© Shutterstock / Krasowi / WWF Atlantic cod

Coastal Habitat Restoration

WWF-Canada is working to restore coastal habitats to reverse wildlife decline.

Restoring Coastal Habitat

The area where land meets sea is often a place of spectacular biodiversity and ecological beauty. The coastal zone makes up only 10 per cent of the ocean environment but is home to over 90 per cent of all marine species.

© Anna Olafsdottir / WWF-Canada apelin (Mallotus villosus) eggs on kelp

Coastal Habitat Destruction

Coastal habitats are vital to the overall health of the ocean, but globally they are suffering declines in biodiversity and ecosystem function.

Coastal habitat restoration is important for the rehabilitation of aquatic ecosystems and marine biodiversity loss, both of which are important culturally and economically. The coastal restoration fund allows WWF-Canada to steward aquatic habitats in Newfoundland and Labrador.

What WWF-Canada is doing

© Karen Rosborough / WWF-Canada Fishing boats and fishermen, Newfoundland, Canada

Coastal Restoration

In 2017, WWF-Canada began a large-scale habitat restoration project in Newfoundland and Labrador. Through the Coastal Restoration Fund, the Fisheries and Oceans Canada supports WWF-Canada and nine partner organizations in monitoring and restoring coastal and riverine fish habitats. WWF-Canada encourages an ecosystem-based approach to fisheries management using traditional knowledge, scientific research and citizen science.

© Stephanie Nicholl / WWF-Canada Capelin on shore, Newfoundland

Healthy Capelin

Capelin are small fish that are an important food source for seabirds, seals, whales and northern cod. WWF-Canada is restoring capelin spawning habitats in Placentia Bay and other priority areas, as well as mapping the extent of capelin habitats using citizen science and knowledge gathering with partners (Fish Food and Allied Worker’s Union, Memorial University and NunatuKavut Community Council). WWF-Canada is also working on developing indicators for healthy capelin spawning habitats using egg and larvae monitoring and temperature monitoring on and off beaches.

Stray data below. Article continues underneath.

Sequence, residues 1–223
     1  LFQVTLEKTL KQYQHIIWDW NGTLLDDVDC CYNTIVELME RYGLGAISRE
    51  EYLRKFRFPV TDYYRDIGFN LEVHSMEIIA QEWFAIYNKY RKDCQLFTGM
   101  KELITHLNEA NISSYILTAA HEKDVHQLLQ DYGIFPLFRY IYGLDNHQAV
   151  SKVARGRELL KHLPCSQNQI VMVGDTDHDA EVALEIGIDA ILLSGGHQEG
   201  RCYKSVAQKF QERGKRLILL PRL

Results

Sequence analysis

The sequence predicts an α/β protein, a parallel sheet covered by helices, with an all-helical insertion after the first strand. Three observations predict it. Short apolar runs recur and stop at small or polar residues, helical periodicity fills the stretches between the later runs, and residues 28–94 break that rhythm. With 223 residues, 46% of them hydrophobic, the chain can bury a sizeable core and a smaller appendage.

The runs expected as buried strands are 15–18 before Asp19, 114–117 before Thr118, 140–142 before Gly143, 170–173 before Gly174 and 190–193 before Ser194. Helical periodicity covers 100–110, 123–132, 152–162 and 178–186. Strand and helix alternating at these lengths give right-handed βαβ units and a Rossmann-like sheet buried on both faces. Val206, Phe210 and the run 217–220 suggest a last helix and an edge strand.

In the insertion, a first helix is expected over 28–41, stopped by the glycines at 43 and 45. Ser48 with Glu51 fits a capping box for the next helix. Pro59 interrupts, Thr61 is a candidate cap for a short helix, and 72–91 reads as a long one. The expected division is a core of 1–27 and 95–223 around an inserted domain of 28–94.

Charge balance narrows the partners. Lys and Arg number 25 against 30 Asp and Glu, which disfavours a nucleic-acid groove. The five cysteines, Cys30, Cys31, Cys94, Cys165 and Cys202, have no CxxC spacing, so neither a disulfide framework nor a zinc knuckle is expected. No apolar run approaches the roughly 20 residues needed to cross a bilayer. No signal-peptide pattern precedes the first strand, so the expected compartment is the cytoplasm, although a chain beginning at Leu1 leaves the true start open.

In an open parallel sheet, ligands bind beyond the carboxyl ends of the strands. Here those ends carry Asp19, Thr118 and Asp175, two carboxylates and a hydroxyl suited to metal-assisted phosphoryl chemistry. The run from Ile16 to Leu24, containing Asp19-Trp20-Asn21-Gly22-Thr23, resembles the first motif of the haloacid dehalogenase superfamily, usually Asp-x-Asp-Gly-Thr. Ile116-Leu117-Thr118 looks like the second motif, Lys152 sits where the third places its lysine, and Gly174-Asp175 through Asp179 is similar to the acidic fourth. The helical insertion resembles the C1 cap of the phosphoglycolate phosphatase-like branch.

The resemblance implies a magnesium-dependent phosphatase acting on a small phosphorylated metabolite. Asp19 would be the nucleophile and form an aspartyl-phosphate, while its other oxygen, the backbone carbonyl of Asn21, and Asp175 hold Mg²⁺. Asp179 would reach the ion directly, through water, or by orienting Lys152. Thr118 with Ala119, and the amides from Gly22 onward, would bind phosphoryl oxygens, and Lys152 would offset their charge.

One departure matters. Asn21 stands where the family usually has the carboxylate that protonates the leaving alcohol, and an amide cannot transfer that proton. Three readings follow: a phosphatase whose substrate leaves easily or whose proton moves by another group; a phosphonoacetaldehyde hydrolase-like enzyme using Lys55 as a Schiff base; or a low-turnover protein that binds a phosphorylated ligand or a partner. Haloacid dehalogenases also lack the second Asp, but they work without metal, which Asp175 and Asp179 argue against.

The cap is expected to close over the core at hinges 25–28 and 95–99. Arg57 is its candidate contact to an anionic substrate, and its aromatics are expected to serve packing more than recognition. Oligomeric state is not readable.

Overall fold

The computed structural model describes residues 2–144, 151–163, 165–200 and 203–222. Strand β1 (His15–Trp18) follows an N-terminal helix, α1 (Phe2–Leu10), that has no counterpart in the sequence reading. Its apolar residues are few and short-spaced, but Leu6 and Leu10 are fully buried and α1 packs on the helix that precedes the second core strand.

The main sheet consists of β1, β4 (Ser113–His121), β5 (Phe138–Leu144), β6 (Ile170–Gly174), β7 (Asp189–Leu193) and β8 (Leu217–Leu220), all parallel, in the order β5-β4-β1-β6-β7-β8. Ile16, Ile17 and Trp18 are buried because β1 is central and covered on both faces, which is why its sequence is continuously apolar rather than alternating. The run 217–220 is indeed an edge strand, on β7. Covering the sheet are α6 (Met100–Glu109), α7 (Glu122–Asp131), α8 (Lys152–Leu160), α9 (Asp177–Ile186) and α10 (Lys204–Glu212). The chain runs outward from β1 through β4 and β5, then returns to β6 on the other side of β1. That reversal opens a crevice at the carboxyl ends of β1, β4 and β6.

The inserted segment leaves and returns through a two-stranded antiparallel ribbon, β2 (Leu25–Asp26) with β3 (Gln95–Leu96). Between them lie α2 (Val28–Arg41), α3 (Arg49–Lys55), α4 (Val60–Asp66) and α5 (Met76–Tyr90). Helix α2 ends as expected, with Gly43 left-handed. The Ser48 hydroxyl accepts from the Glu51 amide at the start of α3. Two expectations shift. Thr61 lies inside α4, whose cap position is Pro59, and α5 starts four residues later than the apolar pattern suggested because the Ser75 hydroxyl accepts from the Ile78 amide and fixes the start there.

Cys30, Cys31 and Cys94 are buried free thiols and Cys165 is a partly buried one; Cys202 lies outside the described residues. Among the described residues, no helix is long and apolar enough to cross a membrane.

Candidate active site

© Gilbert Van Ryckevorsel / WWF-Canada Wild Atlantic Salmon

Community-Based Monitoring

WWF-Canada is working to develop the local capacity for community-based monitoring of wildlife and habitat restoration. This work includes:

  • Restoration planning and community consultations in NunatuKavut, Labrador and other strategic locations throughout the province.
  • Working with NunatuKavut Community Council and Geological Survey of Newfoundland and Labrador to characterize coastal change in NunatuKavut using remote sensing and ground surveys.
  • Monitoring and restoring Atlantic salmon and Arctic char habitat through collaboration with salmon conservation organizations and rural and Indigenous communities.
  • Working with the Capelin Observer Network and the St. Lawrence Global Observatory on eCapelin.ca, a website that allows citizens to document capelin sightings.
© Shutterstock Seagull by water

What You Can Do

Capelin in Newfoundland

Help Track Capelin Sightings

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A group participating in a shoreline cleanup


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Bluefin Tuna

Help Bluefin Tuna Rebound

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© WWF-Canada / Zoe Caron Surface of the Arctic Ocean

Learn More About Our Ocean Work

It’s not too late to bring the ocean back to a state of health and resilience. We are working to change the tide, driving protection and sustainable management so the ocean has a vibrant future.

Learn more